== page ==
Our break in Scotland was the first time either of us had ever been on a coaching holiday, which is not to say that we didn't know what to expect.
I think coach holidays must be aimed at people who are adventurous enough to want to visit different places, but are not adventurous enough to want to take responsibility for organising any aspect of their adventure. In our case, we went because it was cheap.
On the coach itself, of course, you have no say. You go the way the driver wants to go and you stop where and when he or she wants to stop. I know enough about the bus industry to realise that these stopping points on a long journey are determined not by passengers' requirements but the perks given to the coach driver for delivering 50 punters to a grateful eating or shopping establishment. Those passengers who went on the organised excursions each day reported that they had been to so many "Woollen Mill Outlet Villages" and the like that they were "completely milled out!"
And the regimentation doesn't end there. At the hotel, which to be fair was pretty decent, you are given fixed meal times and even allocated a shared table at which to sit. Not that you are sitting there for long, as a three-course meal can be served and cleared away in well under an hour; it has to be to make room for the next sitting! But the food was acceptable, the bar had some local bottled beer and the walking we were able to do straight from the hotel was great.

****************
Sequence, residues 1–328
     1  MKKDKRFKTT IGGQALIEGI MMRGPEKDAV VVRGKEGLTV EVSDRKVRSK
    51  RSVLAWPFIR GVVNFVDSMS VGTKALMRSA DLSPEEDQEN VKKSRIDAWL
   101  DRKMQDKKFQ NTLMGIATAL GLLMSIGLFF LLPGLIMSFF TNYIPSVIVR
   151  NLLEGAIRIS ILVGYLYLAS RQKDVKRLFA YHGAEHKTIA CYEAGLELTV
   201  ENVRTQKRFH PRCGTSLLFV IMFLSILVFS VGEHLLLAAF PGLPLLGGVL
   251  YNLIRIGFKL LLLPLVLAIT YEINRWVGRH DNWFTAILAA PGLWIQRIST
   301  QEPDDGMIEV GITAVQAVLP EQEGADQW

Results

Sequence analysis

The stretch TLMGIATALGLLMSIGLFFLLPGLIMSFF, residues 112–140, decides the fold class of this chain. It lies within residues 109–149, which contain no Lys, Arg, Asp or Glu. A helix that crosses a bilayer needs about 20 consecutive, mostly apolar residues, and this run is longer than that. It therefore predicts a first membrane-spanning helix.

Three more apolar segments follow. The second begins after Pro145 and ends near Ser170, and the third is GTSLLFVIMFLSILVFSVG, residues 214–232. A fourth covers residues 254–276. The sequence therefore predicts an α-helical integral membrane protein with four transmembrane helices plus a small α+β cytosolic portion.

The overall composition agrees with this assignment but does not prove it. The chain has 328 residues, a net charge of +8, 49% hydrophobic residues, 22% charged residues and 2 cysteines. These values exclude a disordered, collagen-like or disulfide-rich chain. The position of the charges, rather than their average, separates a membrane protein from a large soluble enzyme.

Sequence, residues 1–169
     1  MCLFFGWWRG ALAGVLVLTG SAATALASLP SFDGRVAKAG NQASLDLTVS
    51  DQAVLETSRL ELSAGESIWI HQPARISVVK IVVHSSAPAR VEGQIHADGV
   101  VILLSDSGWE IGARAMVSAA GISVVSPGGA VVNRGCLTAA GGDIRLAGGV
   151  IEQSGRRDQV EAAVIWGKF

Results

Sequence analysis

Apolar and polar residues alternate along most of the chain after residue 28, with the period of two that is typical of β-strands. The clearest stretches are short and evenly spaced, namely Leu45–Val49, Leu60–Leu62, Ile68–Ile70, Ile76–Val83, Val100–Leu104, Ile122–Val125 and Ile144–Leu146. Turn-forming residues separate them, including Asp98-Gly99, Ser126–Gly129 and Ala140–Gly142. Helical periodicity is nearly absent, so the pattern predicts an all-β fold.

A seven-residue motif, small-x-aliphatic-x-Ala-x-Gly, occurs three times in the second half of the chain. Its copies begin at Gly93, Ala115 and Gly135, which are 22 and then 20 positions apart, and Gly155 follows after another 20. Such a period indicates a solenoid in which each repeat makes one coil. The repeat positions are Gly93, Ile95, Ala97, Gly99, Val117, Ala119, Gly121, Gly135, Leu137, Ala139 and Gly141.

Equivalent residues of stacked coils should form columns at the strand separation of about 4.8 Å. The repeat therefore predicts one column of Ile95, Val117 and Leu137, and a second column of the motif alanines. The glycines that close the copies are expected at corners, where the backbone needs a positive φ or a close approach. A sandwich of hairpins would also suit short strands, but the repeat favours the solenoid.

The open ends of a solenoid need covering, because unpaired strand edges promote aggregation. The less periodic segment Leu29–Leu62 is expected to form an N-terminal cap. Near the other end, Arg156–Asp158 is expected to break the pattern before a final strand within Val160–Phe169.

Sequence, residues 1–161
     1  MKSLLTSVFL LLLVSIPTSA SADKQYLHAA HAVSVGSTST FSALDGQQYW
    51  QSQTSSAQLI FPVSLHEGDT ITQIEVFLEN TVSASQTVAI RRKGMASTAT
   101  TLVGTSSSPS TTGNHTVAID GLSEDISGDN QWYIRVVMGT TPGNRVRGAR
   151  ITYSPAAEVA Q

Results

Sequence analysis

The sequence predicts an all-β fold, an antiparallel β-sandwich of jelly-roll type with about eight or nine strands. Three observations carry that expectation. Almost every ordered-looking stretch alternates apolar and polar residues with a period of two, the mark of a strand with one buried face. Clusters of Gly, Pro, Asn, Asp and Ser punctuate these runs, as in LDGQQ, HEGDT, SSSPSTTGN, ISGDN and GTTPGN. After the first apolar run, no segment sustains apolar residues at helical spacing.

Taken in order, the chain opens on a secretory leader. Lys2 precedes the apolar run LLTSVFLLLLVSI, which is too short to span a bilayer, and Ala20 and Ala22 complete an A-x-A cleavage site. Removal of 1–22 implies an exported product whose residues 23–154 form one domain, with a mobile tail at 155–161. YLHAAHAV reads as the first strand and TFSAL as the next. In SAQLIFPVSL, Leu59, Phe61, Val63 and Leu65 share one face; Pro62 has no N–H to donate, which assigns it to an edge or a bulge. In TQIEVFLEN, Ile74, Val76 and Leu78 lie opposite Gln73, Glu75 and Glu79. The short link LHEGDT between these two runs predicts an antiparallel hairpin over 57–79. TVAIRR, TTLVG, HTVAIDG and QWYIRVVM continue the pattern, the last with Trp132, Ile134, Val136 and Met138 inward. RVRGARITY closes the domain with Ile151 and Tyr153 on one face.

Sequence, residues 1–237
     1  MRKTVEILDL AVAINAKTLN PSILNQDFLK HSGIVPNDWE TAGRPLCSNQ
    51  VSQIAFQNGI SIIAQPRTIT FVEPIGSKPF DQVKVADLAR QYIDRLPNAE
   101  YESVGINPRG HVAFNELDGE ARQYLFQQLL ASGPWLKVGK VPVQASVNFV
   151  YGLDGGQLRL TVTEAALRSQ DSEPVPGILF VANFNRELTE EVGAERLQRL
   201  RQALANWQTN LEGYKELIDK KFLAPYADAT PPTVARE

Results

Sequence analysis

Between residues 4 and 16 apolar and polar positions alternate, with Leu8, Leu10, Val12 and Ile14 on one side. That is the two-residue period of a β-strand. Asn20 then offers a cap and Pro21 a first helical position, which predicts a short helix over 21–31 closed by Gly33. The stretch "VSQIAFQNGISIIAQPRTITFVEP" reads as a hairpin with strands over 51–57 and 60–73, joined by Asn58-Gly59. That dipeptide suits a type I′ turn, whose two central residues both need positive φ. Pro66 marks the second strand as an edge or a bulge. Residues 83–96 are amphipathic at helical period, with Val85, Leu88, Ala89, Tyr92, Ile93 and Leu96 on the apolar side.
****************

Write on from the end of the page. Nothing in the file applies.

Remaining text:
We had realised when leaving our car unexpectedly at Burton-in-Kendal services on the M6 that it might not be the best place. This service station exists only on the northbound carriageway - there is no southbound equivalent. This meant that the coach driver couldn't drop us off here on the way back! A little knowledge of the regional bus network however came in handy. We arranged to be dropped in Carnforth where by chance we were able to cross the road and wait only a minute for the hourly 555 back to Burton-in-Kendal village and a short walk to the services. Even better, the access road appeared to have no signs prohibiting traffic leaving the motorway along it and the gate that could be used to block such access didn't appear to have been used for a long time. This meant we were able to drive straight out and set off right away in the direction of home without having to drive ten miles up the motorway to the next junction and back again.